How to Nurture a Whiny Child
Your child goes from a whimper, to a plea, to a whine — the sound surest to make a parent crack. A psychologist, a day care provider, and a mother offer a guided tour of the whine country.
Carolyn Crowder, Ph.D., co-author of Whining: 3 Steps to Stopping It Before the Tears and Tantrums Start, Tucson, Arizona:
"My three steps to stop whining are: consequences, assertiveness, and contribution. Consequences means whining gets a consistent no; even if whining in a restaurant means you get up and leave. Assertiveness means calmly telling a child what you expect from them; saying you know they can do better, which shows respect. Contribution means giving a child tasks that let him feel like he's making an important contribution to the family. All kids want to feel like they belong and have a say in the family. Feeling like you belong is an antidote to misbehavior."
Audra Jung, lead teacher, Seward Child-Care Center, Minneapolis, Minnesota:
"One thing I see parents doing the right way is reflecting the emotion that the child is having. Validating their emotions, paying attention, and saying, 'I can see you're angry because you thought you were going to have more blocks,' is in effect saying, 'I can see you have something to tell me.' That's when you teach them the skills they need to communicate. Even 3-year-olds can have control of their emotions, but it takes coaching. They're not trying to make you mad: Some need is not being met. The wrong thing is to let the whining trigger you — that just shows that the parent is unable to deal with the situation."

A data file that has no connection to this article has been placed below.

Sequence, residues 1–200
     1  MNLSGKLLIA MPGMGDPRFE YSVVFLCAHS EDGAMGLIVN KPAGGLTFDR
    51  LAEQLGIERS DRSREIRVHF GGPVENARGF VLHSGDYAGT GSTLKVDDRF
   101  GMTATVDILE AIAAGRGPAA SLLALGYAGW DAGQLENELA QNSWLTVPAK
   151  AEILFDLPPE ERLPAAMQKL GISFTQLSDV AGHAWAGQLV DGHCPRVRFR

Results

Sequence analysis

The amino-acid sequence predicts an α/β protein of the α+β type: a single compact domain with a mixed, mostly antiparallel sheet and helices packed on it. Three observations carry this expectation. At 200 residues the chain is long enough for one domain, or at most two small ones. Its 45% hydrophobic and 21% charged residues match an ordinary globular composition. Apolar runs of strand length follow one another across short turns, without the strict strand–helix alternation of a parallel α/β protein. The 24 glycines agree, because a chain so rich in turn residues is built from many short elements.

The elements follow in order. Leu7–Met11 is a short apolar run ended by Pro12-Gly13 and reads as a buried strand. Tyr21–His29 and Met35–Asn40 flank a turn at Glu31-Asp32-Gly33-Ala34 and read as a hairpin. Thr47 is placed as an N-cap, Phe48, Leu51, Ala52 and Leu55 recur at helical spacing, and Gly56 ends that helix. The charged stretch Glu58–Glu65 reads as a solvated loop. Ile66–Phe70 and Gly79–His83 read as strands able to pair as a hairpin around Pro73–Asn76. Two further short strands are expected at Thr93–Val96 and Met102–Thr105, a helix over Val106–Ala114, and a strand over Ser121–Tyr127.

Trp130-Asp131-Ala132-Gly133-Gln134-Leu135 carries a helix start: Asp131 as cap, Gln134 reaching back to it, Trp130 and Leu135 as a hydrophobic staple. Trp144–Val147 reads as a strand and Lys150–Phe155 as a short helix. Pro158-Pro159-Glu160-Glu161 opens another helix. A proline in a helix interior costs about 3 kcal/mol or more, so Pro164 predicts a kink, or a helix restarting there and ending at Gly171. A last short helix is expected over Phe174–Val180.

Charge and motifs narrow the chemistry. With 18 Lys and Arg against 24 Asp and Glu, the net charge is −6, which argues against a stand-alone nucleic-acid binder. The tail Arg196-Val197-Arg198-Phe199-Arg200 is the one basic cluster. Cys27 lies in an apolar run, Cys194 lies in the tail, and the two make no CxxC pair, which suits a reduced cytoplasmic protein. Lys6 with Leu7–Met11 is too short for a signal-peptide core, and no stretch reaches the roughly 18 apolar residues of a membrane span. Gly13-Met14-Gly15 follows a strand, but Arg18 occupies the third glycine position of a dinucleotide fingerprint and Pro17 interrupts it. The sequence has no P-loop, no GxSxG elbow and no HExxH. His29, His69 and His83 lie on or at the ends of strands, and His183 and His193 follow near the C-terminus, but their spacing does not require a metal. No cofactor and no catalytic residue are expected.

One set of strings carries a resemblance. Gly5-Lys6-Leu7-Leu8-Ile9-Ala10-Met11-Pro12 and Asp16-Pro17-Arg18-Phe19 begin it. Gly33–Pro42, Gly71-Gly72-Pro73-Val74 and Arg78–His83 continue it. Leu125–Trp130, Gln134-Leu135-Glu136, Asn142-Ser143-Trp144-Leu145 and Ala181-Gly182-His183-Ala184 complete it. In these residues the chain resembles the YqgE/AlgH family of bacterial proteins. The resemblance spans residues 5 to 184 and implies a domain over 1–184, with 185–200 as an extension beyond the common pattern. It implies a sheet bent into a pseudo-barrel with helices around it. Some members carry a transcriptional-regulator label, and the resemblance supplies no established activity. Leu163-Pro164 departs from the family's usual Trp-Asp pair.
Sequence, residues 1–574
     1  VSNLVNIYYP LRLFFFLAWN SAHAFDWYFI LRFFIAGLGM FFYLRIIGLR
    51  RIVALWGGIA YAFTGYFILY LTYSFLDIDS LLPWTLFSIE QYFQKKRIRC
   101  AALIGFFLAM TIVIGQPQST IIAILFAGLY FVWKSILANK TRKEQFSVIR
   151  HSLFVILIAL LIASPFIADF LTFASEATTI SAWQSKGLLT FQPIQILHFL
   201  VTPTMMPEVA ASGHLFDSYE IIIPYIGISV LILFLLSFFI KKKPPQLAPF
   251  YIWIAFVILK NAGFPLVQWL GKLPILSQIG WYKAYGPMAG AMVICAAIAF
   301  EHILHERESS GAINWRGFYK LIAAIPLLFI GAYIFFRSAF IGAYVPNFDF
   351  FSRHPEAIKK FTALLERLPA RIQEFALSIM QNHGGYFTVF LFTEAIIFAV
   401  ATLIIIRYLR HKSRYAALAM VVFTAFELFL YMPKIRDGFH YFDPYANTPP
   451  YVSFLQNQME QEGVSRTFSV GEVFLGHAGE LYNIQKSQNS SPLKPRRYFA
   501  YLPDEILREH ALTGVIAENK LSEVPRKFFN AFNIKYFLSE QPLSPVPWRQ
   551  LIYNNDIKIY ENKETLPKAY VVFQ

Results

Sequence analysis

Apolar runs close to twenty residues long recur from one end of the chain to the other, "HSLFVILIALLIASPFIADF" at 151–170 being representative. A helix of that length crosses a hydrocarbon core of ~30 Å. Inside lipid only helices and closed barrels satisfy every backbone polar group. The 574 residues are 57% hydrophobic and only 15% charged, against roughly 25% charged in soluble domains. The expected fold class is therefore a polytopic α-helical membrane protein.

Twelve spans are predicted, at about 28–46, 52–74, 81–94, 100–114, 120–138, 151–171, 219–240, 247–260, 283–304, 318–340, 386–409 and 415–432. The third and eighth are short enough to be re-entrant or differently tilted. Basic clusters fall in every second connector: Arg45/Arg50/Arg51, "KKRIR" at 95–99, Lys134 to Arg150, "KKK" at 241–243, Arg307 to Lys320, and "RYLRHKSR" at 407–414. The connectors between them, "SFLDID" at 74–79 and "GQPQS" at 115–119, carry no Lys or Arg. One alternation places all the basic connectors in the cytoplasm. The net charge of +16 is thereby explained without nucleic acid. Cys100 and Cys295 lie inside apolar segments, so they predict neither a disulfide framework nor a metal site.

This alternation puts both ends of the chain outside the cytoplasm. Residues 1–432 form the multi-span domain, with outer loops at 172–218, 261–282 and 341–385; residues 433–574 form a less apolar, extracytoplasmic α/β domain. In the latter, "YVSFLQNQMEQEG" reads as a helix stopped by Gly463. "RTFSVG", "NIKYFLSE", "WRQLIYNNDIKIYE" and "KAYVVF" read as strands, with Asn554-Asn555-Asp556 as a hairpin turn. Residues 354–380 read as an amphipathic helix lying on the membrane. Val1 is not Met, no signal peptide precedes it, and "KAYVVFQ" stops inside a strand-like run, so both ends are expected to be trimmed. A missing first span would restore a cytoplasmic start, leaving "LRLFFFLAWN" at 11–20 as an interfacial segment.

Julie Comes, mother of Maddie, 10, Mikayla, 7, and Collin, 4, Lewistown, Montana:
"When Collin's sisters are at school and we're alone, and I have to do something, then the whining comes — so we have a place where he goes and sits until he can talk to me in a 4-year-old voice. This works because he just likes to be included. Or I'll encourage him to use different voices. I'll say, 'Can I hear that in a monster voice?' With any of the kids, I try to redirect them from why they're frustrated. I'll make a funny face, and they'll laugh. Distract and refocus. Or if they stomp off, I'll say, 'Stomp for five more minutes.' Or if one of the girls sighs, I say, 'Sigh 20 times.' It ends up in a giggle fit."
Originally published in Wondertime magazine.